By George Kane
June is the time of year for high school graduation ceremonies, and the time for that annual battle of the culture wars when Christians try to turn them into religious services. This year the outcome was a distinct and disappointing setback for the separation of church and state.
Louisiana’s Bastrop High School distributed programs for their graduation that listed a prayer to convene the event. A graduating senior, Damon Fowler, wrote in protest to Principal Stacey Pullen, objecting that the inclusion of a prayer violates his religious liberty guaranteed by the First Amendment. Fowler stated that if the prayer were not removed from the agenda he would take the matter to the ACLU. When Morehouse Parish School System attorney Steve Katz advised school officials that prayer could not be part of a school-sanctioned event, Pullen acceded, and had new programs printed that substituted a “moment of silence.”
When the word of Fowler’s actions became known, Christian zealots at the school initiated a campaign of bullying him. He was threatened with violence. His Facebook wall was flooded with hate-postings, forcing him to deactivate his account.
The final insult occurred on graduation night. When the moment of silence was announced, Graduating senior Laci Mattice walked to the lectern and said that her faith compelled her to thank God for blessing the class of 2011. “I now ask my fellow students who wish to join in to recite the Lord’s Prayer.”
There was nothing spontaneous about it. Principal Pullen said that he had hired extra security guards, in fear that the event would be disrupted by atheists. This comment is a gratuitous insult, since only Christians threatened violence, in bullying Fowler. The atheist threat was to take legal action.
In Texas, the plans for prayer at the Medina Valley High School graduation did make it to court. Like Fowler, Christina and Danny Schulz wrote to the school to object, on behalf of their son, a graduating senior, to the school’s plans to include prayer in the ceremony. When their letter was ignored, they took their case to Americans United for Separation of Church and State. U. S. District Judge Samuel Frederick Biery, Jr., on the last day of May, issued a preliminary injunction that ordered the school to drop the planned invocation and benediction from the ceremony.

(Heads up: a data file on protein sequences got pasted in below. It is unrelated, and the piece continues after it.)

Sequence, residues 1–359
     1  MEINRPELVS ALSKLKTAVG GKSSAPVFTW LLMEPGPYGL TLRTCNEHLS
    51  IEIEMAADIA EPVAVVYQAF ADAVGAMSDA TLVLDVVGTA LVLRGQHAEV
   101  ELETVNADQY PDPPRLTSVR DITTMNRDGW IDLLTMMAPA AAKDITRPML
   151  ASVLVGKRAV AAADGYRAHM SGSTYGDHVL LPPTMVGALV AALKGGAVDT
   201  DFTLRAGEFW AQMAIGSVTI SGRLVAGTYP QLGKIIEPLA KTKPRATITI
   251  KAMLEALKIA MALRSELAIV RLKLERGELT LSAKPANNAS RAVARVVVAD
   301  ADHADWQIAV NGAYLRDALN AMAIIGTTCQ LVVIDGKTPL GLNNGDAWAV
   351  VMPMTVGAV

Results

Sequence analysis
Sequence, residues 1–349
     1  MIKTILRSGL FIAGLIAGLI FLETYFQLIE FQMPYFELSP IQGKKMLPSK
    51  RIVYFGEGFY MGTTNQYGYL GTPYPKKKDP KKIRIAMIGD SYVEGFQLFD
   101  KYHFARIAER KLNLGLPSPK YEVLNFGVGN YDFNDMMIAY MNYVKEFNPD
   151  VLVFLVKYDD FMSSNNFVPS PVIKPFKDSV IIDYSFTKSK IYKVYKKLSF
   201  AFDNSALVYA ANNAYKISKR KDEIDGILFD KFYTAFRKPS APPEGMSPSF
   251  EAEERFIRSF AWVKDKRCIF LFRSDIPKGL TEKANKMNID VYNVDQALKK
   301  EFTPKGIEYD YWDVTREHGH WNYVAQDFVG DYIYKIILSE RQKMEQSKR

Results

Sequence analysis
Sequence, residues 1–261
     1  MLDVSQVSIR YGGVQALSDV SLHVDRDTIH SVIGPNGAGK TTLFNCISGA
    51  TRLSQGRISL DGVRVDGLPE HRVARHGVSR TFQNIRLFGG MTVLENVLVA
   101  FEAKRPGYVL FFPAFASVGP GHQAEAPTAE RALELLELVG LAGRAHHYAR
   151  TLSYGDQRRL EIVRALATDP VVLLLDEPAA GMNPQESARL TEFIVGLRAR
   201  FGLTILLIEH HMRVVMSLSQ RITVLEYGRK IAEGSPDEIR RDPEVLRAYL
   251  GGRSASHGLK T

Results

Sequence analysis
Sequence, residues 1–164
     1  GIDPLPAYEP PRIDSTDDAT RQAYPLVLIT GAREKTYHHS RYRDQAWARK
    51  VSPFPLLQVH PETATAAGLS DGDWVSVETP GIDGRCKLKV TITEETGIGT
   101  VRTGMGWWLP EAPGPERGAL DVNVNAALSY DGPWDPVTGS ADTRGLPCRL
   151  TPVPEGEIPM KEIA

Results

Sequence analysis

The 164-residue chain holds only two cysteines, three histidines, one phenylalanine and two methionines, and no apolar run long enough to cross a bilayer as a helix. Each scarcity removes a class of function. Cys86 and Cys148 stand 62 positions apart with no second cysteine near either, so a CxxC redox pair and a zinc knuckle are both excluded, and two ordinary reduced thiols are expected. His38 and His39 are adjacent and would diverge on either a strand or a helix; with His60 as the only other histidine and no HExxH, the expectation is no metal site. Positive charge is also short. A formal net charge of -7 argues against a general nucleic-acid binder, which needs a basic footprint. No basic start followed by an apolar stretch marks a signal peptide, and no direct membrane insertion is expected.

It was an easy decision, since the Supreme Court ruled in Lee v. Weisman, 1992 that public schools may not impose prayer and religious worship onto students and their families during commencement ceremonies. In that ruling, Justice Kennedy wrote: “It is beyond dispute that, at a minimum, the Constitution guarantees that government may not coerce anyone to support or participate in religion or its exercise, or otherwise to act in a way that establishes a religious faith, or tends to do so.”
End of story? Not quite. Three days later the U.S. Court of Appeals for the Fifth Circuit dissolved the preliminary injunction tersely: “On this incomplete record at this preliminary injunction stage of the case, we are not persuaded that plaintiffs have shown that they are substantially likely to prevail on the merits, particularly on the issue that the individual prayers or other remarks to be given by students at graduation are, in fact, school sponsored.” But, according to Lee v. Weisman, to constitute an Establishment Clause violation it is only necessary that the school sponsor the event, not that it dictate the content of the prayer.
In the debate by Republican presidential candidates, former Minnesota governor Tim Pawlenty was asked to define the separation of church and state, and to explain how that would affect his decision-making. Pawlenty’s answer showed that he is no friend of the separation of church and state:
Well, the protections between the separation of church and state were designed to protect people of faith from government, not government from people of faith. This is a country that in our founding documents says we're a nation that's founded under God, and the privileges and blessings at that we have are from our creator. They're not from our member of Congress. They're not from our county commissioner.
And 39 of the 50 states have in the very early phrases of their constitutions language like Minnesota has in its preamble. It says this, "We the people of Minnesota, grateful to God for our civil and religious liberties," and so the Founding Fathers understood that the blessings that we have as a nation come from our creator and we should stop and say thanks and express gratitude for that. I embrace that.